Throughout the game, players assume the role of chisel jawed ex solider Marcus Fenix who had been thrown into Jail for insubordination and cowardice during his stint in one of Sera’s previous wars. Marcus was an exemplary soldier and narrowly avoided the death penalty for this reason alone. Gears of War begins some 14 years after Emergence day and starts with the reinstating of Marcus as a soldier of excellence as he is pardoned and released from jail by friend and comrade during the Pendulum wars, Dominic. That’s the story and to be honest the game itself does very little if anything to explain any of it which is shame as it starts the game on a negative in my opinion. That said, Gears does thrust players right into the action from the offset and I suppose if players are looking for a deep enriching story then I suggest they go play an RPG.


It must be hard for developers to come up with new and refreshing ideas in the games industry as lets face it most game types have been done already. With the arrival of the Xbox 360 and a new generation of games, it’s obvious that developers need to play it safe in many respects as tried and trusted formulas are what sell at the end of the day. In this respect it’s probably safe to say that Gears of War adds nothing new in particular to the third person action genre; however innovation aside, what Gears does offer is a game that is extremely fun, polished and engaging to play.

The beginning of the game offers gamers the choice of either a training mission or getting stuck into battle and with two out of three levels of difficulty to try from the offset means that casual and hardcore gamers are catered for, a wise choice indeed. Gears of War offers a third person perspective, which means that Marcus is in view at all times. The general flavour of the game is to simply survive by eliminating Locust invaders which cross your path as you try and accomplish the overall objective of winning the war. A plan is hatched which sees Marcus and his squad of three others track down a resonator that will map out the entire Locust underground network of caverns and thus it’s your job to retrieve this device and place it underground so that guided bombs will be able to strike the Locusts at their source.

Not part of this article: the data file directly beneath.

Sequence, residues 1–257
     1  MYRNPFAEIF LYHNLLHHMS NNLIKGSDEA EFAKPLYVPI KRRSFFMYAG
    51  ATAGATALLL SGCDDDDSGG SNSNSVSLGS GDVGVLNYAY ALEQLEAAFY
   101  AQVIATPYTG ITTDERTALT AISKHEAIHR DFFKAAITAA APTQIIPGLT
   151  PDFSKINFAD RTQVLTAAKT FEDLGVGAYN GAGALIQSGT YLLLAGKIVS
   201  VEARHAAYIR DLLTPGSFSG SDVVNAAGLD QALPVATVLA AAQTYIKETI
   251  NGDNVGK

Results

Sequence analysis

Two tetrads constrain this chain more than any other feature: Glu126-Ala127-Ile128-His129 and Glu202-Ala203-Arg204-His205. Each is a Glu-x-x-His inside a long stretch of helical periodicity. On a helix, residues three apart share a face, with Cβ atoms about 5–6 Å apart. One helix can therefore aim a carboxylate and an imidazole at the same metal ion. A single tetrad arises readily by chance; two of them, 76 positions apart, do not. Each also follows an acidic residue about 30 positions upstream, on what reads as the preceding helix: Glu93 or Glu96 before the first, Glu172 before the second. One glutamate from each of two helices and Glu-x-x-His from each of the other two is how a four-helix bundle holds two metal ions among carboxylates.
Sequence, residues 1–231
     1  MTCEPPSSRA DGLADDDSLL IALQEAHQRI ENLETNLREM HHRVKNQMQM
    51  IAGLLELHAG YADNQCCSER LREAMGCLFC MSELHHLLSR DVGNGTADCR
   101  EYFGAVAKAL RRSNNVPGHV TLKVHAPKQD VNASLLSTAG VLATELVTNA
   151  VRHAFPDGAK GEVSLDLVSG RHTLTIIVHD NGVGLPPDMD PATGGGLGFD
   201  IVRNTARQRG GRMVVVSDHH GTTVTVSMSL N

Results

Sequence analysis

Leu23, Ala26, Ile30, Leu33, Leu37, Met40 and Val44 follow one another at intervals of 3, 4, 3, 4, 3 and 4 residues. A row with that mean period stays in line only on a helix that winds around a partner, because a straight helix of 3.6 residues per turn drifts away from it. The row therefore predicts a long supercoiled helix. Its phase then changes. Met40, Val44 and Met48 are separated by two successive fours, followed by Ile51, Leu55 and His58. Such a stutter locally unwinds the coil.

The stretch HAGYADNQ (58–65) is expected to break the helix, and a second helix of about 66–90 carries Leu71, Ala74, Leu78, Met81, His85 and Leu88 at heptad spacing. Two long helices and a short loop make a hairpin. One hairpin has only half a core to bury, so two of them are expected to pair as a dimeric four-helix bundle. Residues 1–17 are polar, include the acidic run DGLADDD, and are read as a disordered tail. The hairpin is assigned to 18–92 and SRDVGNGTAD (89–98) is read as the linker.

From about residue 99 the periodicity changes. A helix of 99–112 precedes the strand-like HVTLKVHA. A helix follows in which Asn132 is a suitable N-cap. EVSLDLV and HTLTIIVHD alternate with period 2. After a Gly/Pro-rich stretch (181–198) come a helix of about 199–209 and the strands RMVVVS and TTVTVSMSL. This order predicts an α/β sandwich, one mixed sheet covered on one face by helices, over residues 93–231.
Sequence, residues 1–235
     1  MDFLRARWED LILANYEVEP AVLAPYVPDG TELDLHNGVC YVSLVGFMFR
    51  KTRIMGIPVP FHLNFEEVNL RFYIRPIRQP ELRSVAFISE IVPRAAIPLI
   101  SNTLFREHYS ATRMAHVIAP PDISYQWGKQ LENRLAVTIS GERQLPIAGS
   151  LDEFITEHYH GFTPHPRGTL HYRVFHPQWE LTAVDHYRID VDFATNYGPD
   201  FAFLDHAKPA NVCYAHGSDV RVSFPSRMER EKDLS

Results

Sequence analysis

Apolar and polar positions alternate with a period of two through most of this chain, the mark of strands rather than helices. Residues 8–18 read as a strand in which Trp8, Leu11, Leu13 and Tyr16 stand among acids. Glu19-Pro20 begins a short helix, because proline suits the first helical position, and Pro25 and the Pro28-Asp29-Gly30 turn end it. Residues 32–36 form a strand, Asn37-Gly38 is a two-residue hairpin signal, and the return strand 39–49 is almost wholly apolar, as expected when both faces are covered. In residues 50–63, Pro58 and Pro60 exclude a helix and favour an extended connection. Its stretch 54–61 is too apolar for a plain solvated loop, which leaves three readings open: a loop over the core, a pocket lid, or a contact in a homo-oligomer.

I think the main pull of the game is the whole cover shooter aspect which offers a slightly different approach to combat compared to first person shooters. It is what you will be doing most throughout the game and seems that the team have poured a lot of love into its execution. The levels which portray a world filled with destruction and danger are filled with debris and such like from years of war and of course the satellite cleansing of the planet’s surface 14 years earlier. In game play terms this presents many opportunities to use said debris as cover when attacking and under fire from Locusts. With a tap of the A button when close to an object players will automatically put their back up against the surface and from there will be able to move and peer out to shoot; the onus being on remaining safe from incoming fire when protected by whatever inanimate object you are using. For the most part this works very well although in some instances can be a pain, especially if you are trying to perform an evasive roll or a quick dash which are also controlled by using the same A button. What can happen at times is when you are wishing to perform one of these evasive moves, your player will auto seek cover to the nearest object which can be frustrating and somewhat disorientating at times.